Review:

There’s always so much going on in a Thursday Next novel and yet Fforde never seems to forget any of it. Thursday’s husband issue is finally resolved, which made me happy. The ending had me in tears.

Loved the fact that her son spoke Lorem Epsum. These books are so witty and full of so many puns and jokes and slapstick and everything you can think of. There’s a sci fi alien overlord. It basically breaks the fourth wall. They’re really great books.

Everything was resolved with Something Rotten and I was surprised to see that there are still more books in the series. I’m curious to see what happens next, though kind of concerned because I don’t want it to just be a repeat of what has already happened.

5/5

Shades of Grey

shades of grey

Shades of Grey Jasper Fforde

Plot:

Part social satire, part romance, part revolutionary thriller, Shades of Grey tells of a battle against overwhelming odds. In a society where the ability to see the higher end of the color spectrum denotes a better social standing, Eddie Russet belongs to the low-level House of Red and can see his own color—but no other. The sky, the grass, and everything in between are all just shades of grey, and must be colorized by artificial means.

Eddie’s world wasn’t always like this. There’s evidence of a never-discussed disaster and now, many years later, technology is poor, news sporadic, the notion of change abhorrent, and nighttime is terrifying: no one can see in the dark. Everyone abides by a bizarre regime of rules and regulations, a system of merits and demerits, where punishment can result in permanent expulsion.

Eddie, who works for the Color Control Agency, might well have lived out his rose-tinted life without a hitch. But that changes when he becomes smitten with Jane, a Grey Nightseer from the dark, unlit side of the village. She shows Eddie that all is not well with the world he thinks is just and good. Together, they engage in dangerous revolutionary talk.

Stunningly imaginative, very funny, tightly plotted, and with sly satirical digs at our own society, this novel is for those who loved Thursday Next but want to be transported somewhere equally wild, only darker; a world where the black and white of moral standpoints have been reduced to shades of grey.

Review:

I highly recommend reading the plot synopsis before reading the book. It had been a while since I’d read it so I actually had some issues figuring out what was going on. The book was good, it was by Jasper Fforde so of course it was, but there were times when I couldn’t understand the world that he had created. The plot synopsis really grabs you and is very interesting and the book was good but I felt like it dragged a little. It might have been just the fact that he started out with a scene at the beginning of the book that happens near the end. So I spent the entire book waiting for that scene to happen and it was a bit annoying because there was a ton of build up before it did. There are still so many unanswered questions but the next book doesn’t come out until possibly next year.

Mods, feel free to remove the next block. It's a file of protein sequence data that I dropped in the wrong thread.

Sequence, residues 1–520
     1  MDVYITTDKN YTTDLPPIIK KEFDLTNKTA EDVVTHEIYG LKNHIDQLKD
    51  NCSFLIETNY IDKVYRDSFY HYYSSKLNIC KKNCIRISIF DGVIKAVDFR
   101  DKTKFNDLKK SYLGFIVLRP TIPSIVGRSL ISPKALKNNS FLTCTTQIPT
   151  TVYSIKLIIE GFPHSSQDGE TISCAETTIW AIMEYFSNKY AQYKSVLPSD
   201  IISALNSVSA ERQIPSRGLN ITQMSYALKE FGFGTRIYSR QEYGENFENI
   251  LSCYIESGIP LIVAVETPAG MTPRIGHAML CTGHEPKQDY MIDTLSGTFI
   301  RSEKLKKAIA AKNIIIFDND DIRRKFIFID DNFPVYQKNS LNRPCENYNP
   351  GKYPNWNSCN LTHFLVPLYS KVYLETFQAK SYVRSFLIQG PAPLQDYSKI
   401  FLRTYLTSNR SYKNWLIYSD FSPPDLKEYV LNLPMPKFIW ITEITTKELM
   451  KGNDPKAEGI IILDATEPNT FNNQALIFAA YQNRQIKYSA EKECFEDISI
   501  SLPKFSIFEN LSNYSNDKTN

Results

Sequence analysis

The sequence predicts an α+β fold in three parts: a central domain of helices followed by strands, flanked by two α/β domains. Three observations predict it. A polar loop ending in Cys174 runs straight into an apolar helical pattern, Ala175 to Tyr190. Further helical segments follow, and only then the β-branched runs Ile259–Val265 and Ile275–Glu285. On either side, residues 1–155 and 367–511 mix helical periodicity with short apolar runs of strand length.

Overall I would recommend waiting to read the series until the next comes out and definitely read the synopsis first.

3.5/5 stars

The Well of Lost Plots

the well of lost plots

The Well of Lost Plots By Jasper Fforde

Plot Synopsis

After two rollicking New York Times bestselling adventures through Western literature, resourceful BookWorld literary detective Thursday Next definitely needs some downtime. And what better place for a respite than in the hidden depths of the Well of Lost Plots, where all unpublished books reside? But peace and quiet remain elusive for Thursday, who soon discovers that the Well is a veritable linguistic free-for-all, where grammasites run rampant, plot devices are hawked on the black market, and lousy books—like the one she has taken up residence in—are scrapped for salvage. To make matters worse, a murderer is stalking the personnel of Jurisfiction and it’s up to Thursday to save the day.

Review

I liked this one better than Lost in a Good Book. Possibly because the characters from the Nursery Crime books make an appearance. In fact Thursday Next is staying inside of an early incarnation of the series which is an awesome idea. It’s like seeing the making of for The Big Over Easy. I wish the subplot of what’s going on with her husband would get resolved, and I thought the part where she was losing her memories was just shoved in there. It will probably play a larger part in another novel, but for now it was just there. Overall I still like the series, though not as much as Nursery Crimes, and I will continue on. I’m also still in awe over how creative Fforde is.

4/5 stars

Book two of my fifty books